Brian Fuller's editorial, "Red, blue, altered states" (Dec. 13, 2004; page 46) seems to agree with the Pacific Research Institute's nutty "economic freedom" rankings and links the so-called economic freedom of states to their voting for Bush.
Brian Fuller's editorial, "Red, blue, altered states" (Dec. 13, 2004; page 46) seems to agree with the Pacific Research Institute's nutty "economic freedom" rankings and links the so-called economic freedom of states to their voting for Bush. Yes, it is true that companies don't build fabs in New York or California anymore, choosing instead low-wage and environmentally lax areas. It is more telling to note that while companies may move their fabs to China or Texas, the company executives stay in the "high cost" states. Do you know of any high-tech executives who have moved their families to Shenzhen or Houston to enjoy the lax environmental regulations? Are the execs of the Pacific Research Institute now going to move its office from San Francisco to Bangkok to be free of the "nutty bureaucracy" and cut their own salaries to lower costs?
From [the editor's] listed area code, he must be a California resident too. He is one of the many people who want to live in the wealthier, more educated, more environmentally protective and more culturally enlightened states, if they can afford it. If economic freedom means accepting 30-cent-an-hour wages, toxic air and intolerance, I will decline, thank you very much.
IC Design Engineer
System woes? Maybe the chip packages aren't to blame
I read with great interest Richard Goering's piece "When bad packages kill good pc boards" (Dec. 20, 27, 2004; page 18). I hope someday you will run a complementary piece perhaps titled "When bad board designs undermine serviceable packages."
Blaming excessive system noise on the IC package, without examining how the actual noise budget was developed and verified, is a bit like blaming only the girl for an unwanted pregnancy. It is the OEM's responsibility to engineer its system properly. If a system is built without the requisite analysis, no one should be surprised if it doesn't work.
OEMs that wish to be successful must develop the internal skills or import the external expertise to engineer their systems by design and not happenstance. If an OEM lacks the internal resources to evaluate feasibility, that critical task should be outsourced.
Many people in this community, including the many contributors to the SI-List [electronic mailing list] from Sun Microsystems, have been beating the drum for years on the importance of three things to PDS quality: inductance, inductance and inductance. Even so, misconceptions and failure to do the necessary homework frequently get people into trouble. One subject that I still see regularly trip up even "experts" is a proper accounting of device via attachment and plane-spreading inductance as elements of the overall bypass-impedance budget. Overlooking these in high-performance systems can lead to horribly wrong conclusions and encourage error-prone measurements. Given the article's description of Mahi Networks Inc.'s difficulties, I can't help but wonder whether this misunderstanding was at the root of that company's nine-month, $20 million fiasco.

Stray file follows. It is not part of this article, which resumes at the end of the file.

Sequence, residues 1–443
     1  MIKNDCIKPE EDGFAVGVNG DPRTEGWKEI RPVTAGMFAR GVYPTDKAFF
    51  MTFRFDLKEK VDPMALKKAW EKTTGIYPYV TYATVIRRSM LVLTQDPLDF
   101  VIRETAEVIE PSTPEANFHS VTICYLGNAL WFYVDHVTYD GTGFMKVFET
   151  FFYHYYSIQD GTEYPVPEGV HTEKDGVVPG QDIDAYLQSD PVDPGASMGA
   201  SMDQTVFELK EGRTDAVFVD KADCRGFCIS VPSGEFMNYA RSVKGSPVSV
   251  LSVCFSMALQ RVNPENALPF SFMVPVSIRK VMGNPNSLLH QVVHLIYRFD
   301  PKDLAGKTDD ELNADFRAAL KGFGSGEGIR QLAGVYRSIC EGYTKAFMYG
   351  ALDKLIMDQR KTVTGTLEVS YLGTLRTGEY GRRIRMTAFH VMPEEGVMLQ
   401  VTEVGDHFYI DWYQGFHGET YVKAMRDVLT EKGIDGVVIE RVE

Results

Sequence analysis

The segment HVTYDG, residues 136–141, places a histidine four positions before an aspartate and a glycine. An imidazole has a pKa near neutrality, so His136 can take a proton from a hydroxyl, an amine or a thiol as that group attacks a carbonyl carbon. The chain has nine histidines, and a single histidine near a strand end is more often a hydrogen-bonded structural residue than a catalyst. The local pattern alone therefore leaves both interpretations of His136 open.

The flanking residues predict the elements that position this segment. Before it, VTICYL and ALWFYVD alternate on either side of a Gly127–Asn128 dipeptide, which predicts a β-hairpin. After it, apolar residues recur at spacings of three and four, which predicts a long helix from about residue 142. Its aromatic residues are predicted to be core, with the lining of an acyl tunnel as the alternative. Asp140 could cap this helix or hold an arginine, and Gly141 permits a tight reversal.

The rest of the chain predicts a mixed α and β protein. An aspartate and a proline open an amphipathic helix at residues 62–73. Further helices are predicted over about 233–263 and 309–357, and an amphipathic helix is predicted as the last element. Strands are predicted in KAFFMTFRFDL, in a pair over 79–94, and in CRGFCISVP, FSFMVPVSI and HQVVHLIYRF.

The article also cites Mahi's design of a "cutting-edge application" involving 3.125-GHz backplane links. "The design called for FPGAs with integrated serdes capability to be used as serial links," the article states. "But test data showed severe ground bounce and power bounce on the board, as well as performance problems related to the operation of the serdes links in the system environment."
How on earth does any engineer blame board-level bounce on the IC package? Were the package the culprit here, noise at IC package attachment would be nominal, while the noise at quiet IC I/Os or in the core would be problematic.
For board-level PDS stability, the only variables at our disposal are the IC application current and the board impedance. The former may be determined by test fixturing, the latter readily synthesized by design. So how could anyone who did his or her engineering homework end up with unexpected excessive board-level bounce? How could such bounce possibly be the fault of the package? Placing a high-performance IC in an inadequate pc board environment is a lot like putting Yugo tires on a Formula One race car. Don't blame the tragic result on the car.
Don't get me wrong: There is much that can be done to improve both packages and vendor documentation/communication. But responsibility for both the pc board package and system performance lies with us as the integrators. And in most cases, the tools and methods to address our challenges exist.
Smart OEMs assess the available information, uncertainty and risk as part of program management. If they need to hire experts to get the job done, they do. Let the competition bemoan how hard life is as it loses market share.
Teraspeed Consulting Group LLC